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Symphonies by Villa-Lobos -
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Villa-Lobos: Symphonies 6 and 8. (p) 2001 cpo


Hooked on the nine Bachianas Brasileiras of Villa-Lobos, I made a beeline for this disc, only to discover after a bar or two that the symphonic composer is very different from the man who so cunningly and so bewitchingly brought Baroque tricks to the melodic shapes of his native Brazil. These two symphonies can be pleasantly approached via the Suite for Strings, a work of 1912-13 laid out for double quintet, that was first performed (1915) under the title of 'Characteristic Suite' and has evaded the worklist of the newest Grove. If the opening Timide movement is obsessed with a brief harmonic formula, striking on its first appearance but wearing thin as the repetition total mounts up, the ensuing Mystérieuse pays discreet tribute to Richard Strauss, while the Air de ballet is an engaging waltz that at once produced credentials for Villa-Lobos as master of the light touch [listen -- track 11, 1:18-2:06]. The suite may have originated as incidental music to a play, a role it would fulfil readily enough.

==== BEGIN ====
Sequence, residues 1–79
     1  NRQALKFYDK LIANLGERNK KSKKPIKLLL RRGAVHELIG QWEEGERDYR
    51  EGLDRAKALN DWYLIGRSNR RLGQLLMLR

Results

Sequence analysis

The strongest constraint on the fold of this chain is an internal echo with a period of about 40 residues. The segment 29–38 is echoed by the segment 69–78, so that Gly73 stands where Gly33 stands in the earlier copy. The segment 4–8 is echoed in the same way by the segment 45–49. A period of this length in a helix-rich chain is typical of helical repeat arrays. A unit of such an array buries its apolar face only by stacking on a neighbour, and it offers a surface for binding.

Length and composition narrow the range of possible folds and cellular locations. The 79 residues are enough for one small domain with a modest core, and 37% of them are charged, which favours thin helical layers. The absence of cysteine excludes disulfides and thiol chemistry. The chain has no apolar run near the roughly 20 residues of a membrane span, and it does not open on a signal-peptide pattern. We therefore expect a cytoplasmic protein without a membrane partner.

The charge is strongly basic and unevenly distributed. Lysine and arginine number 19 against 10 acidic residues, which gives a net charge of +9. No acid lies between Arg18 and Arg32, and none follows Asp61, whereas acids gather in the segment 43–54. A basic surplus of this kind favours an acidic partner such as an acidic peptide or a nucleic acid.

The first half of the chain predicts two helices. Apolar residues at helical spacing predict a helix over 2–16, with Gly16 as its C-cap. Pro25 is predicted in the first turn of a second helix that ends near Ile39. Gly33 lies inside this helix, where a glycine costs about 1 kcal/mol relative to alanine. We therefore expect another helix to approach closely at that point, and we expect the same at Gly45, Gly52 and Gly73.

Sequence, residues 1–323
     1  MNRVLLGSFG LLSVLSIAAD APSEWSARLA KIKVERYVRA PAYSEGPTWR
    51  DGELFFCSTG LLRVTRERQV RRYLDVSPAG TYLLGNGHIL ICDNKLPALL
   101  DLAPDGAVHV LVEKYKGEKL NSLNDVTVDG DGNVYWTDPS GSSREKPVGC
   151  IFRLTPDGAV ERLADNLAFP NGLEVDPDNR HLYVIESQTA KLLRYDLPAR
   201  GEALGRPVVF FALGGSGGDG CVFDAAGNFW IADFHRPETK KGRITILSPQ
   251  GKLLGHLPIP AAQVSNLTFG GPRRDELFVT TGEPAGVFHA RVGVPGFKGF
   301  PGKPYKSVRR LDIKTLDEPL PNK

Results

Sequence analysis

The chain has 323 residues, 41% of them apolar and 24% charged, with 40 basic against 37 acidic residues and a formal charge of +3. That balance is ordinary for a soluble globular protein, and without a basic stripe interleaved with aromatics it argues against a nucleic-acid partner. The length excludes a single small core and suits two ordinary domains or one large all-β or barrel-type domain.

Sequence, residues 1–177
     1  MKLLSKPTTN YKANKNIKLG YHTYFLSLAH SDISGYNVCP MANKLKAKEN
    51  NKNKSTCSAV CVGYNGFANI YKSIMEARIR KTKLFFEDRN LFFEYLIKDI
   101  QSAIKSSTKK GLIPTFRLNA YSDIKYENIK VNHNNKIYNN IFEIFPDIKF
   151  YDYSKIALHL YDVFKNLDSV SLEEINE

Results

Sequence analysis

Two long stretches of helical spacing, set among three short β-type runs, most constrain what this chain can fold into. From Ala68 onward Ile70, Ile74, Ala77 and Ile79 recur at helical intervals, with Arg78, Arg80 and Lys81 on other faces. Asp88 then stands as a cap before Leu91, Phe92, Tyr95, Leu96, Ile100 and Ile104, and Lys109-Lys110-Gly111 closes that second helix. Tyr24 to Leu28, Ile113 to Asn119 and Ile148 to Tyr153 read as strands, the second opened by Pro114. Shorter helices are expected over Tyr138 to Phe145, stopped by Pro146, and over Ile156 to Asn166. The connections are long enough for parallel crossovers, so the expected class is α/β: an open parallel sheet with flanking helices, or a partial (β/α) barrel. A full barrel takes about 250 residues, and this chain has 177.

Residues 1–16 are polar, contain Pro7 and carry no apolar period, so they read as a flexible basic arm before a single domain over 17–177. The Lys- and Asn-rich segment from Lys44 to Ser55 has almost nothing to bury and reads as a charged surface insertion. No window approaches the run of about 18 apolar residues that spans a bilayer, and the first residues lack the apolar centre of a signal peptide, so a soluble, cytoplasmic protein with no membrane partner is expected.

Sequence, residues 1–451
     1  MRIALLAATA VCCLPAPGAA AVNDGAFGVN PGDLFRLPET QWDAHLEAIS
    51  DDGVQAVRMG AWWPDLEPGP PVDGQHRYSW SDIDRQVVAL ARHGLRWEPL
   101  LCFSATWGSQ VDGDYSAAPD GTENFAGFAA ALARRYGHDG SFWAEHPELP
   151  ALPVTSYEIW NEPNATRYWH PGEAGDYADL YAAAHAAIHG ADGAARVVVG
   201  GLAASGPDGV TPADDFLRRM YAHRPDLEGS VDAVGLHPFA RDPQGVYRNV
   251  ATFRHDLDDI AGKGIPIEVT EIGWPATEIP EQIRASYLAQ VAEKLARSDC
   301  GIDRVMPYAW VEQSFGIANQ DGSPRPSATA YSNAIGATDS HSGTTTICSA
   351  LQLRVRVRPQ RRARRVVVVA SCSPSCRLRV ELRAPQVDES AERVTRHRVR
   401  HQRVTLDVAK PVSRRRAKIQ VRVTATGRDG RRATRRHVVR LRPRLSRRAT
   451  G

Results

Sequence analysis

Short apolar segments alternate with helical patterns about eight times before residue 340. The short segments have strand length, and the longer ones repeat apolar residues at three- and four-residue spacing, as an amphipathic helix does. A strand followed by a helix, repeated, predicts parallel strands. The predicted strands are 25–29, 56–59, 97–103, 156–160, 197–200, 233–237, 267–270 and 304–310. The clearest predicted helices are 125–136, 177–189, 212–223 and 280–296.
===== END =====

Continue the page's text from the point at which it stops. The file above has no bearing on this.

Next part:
The twelve Villa-Lobos symphonies come in a couple of batches separated by 25 years. The majority of the initial five are works of the First World War, when Brazil was backing the winners. Hence such titles as To war, To victory, To peace. This last, No 5, to the incomprehension of any Lady Bracknell concertgoer, is apparently lost. The final seven start in 1944, just as Bachianas are coming to an end. Again Brazil saw which way the wind would eventually blow in the Second World War but, with the partial exception of No 6, none of these symphonies has a title. They coincide, however, with an upsurge in the composer's fame. Touring initially in the United States, he was soon on good terms with Ormandy, Stokowski and Toscanini. He acknowledges his debt to New York by dedicating Symphony No 8 to the music critic Oliver Downes. Villa-Lobos was, however, sufficiently a conductor to tour both Europe and Japan as advocate of his own works.

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Copyright © 13 January 2002 Robert Anderson, London, UK







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